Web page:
Monday, 21 January 2008

No print strategy

The end of last week seemed to be taken up with loads of meetings - I have days like that where I go from one to the other, trying to switch my brain into the right gear, and make sure I've read the right papers. Sometimes I've been known to read them as I walk across the concourse. Not in the current weather though! I'm trying very hard to do my bit for saving paper and not printing wherever I can. Most of the papers for meetings are either sent round by email or are in a MUSE group, so as long as I have my laptop with me there's really no need to print anything. I can annotate the papers if I need to, and make notes directly into a word document, which I can then forward to people as necessary. A lot quicker than trying to read my scribbled handwriting in a notebook which I usually lose. It's also a good way of testing the wireless network, which is present in most meeting and teaching rooms, but if I discover somewhere where the signal isn't strong enough I can report it to the voice and data team who soon fix it.

On a slightly controversial note, I am always fascinated by colleagues who arrive at meetings with all of the papers carefully printed out, usually single sided, including the email which says "please find attached the papers for...” often carefully labelled and put into a folder, presumably by a secretary. Most of the time the papers are barely looked at, having been sent for information only, and what happens to them afterwards? Are they carefully filed in a filing cabinet, when all of them are available electronically? I don't have a single filing cabinet in my office, and my PA has got better things to do with her time than print and label papers for me. I'm also surprised that I'm usually the only person round the table with a laptop, this being the 21st century. They're a lot lighter to carry round than huge folders of paper, and you can deal with your emails if the meeting is particularly long and boring. Not that I ever do of course :-)

As a University we printed 68million sheets of paper last year - that's excluding anything done in the Print Service. That's a hell of a lot of trees. So, think before you print.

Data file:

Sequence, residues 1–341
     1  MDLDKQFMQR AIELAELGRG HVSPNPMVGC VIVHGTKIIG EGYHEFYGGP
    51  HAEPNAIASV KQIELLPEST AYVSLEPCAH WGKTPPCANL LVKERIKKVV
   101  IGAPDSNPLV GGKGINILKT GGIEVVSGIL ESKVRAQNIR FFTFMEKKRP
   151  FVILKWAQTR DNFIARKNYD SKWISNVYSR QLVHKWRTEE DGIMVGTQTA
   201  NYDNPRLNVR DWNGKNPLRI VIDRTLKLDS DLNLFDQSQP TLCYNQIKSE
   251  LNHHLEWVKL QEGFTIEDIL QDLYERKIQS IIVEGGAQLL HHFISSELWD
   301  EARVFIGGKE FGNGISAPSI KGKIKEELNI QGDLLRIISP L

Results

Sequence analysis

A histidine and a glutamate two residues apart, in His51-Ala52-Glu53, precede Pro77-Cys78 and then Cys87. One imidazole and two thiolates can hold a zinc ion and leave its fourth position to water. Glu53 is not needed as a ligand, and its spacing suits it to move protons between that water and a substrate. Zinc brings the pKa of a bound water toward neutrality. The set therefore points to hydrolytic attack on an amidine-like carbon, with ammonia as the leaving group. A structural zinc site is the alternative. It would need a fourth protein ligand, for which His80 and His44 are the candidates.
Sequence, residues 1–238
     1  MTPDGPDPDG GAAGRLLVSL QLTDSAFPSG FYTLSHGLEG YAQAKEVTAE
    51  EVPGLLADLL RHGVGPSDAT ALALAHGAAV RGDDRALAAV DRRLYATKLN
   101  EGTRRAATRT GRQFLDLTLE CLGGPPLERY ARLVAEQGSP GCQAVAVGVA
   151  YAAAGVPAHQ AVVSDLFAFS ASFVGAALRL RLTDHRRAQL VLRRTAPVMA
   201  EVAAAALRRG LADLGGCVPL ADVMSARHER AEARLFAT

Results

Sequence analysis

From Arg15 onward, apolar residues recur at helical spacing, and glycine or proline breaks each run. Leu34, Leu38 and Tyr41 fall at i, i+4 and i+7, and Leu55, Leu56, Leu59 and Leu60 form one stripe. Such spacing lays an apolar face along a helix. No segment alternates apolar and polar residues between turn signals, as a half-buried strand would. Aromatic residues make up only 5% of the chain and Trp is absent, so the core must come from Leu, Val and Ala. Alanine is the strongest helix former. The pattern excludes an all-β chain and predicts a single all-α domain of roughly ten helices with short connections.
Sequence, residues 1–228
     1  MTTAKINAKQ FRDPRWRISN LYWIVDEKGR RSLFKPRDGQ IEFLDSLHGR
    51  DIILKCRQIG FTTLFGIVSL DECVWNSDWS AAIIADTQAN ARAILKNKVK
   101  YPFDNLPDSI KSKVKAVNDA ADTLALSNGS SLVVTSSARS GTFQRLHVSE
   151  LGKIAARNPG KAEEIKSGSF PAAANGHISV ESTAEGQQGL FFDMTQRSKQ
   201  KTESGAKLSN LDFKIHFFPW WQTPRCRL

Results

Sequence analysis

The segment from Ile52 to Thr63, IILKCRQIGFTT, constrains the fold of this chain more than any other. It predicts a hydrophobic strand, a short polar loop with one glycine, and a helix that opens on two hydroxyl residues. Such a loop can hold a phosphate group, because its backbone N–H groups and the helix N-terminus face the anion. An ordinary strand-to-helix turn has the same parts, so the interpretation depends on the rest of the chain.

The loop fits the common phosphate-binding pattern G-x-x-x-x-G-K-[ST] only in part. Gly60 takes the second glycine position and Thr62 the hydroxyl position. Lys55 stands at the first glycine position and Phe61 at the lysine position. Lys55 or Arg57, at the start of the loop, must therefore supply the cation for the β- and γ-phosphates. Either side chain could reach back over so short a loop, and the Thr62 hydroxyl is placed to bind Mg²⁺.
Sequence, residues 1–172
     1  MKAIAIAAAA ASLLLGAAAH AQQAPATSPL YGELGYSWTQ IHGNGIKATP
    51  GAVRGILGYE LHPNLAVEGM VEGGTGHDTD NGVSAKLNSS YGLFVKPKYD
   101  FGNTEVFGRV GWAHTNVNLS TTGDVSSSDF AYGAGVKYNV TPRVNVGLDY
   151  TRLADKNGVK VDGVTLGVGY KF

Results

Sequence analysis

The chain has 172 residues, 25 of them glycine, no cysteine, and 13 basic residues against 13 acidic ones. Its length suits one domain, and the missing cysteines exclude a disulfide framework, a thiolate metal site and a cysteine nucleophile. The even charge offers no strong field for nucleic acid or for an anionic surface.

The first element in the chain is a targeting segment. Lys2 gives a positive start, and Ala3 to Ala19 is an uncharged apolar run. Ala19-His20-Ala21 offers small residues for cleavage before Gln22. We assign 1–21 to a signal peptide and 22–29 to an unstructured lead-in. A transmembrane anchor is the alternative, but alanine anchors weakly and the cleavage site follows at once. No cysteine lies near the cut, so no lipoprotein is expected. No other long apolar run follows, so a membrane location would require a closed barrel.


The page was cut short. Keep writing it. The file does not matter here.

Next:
Anonymous said...

"I'm also surprised that I'm usually the only person round the table with a laptop, this being the 21st century."

Really? Unless there is provision in people's budgets to purchase and support wireless devices for staff I'd expect this to continue to be the case. Perhaps you expect staff to buy, maintain and service their own devices for work use?

Chris Sexton said...

Hi. No, I certainly don't think anyone should have to buy any device for work use. I do expect provision to be made in budgets for equipment necessary to do the job. For many people, a laptop isn't necessary, but the sort of meetings I'm talking about are usually with senior people, most of whom I know have a laptop anyway. What I'm saying is, if you've got one, why not use it?

Anonymous said...

It can be disconcerting to conduct a meeting where several attendees are fiddling with technology - paper is far less threatening - and usually more reliable.

Anonymous said...

I can't see what's threatening about a laptop!

I said...

You've obviously never bumped into one down a dark alley (or gennel for you regional folk!)

I'm quick surprised you attend meetings where people read the meeting notes and previous minutes!

I've found that the first half of any meeting is spent with the chair reading them out and going through them point by point. Why waste time reading them beforehand?

Jonathan Whitehead said...

Perhaps the department could buy several of these EEE Pcs for staff to take to meetings.

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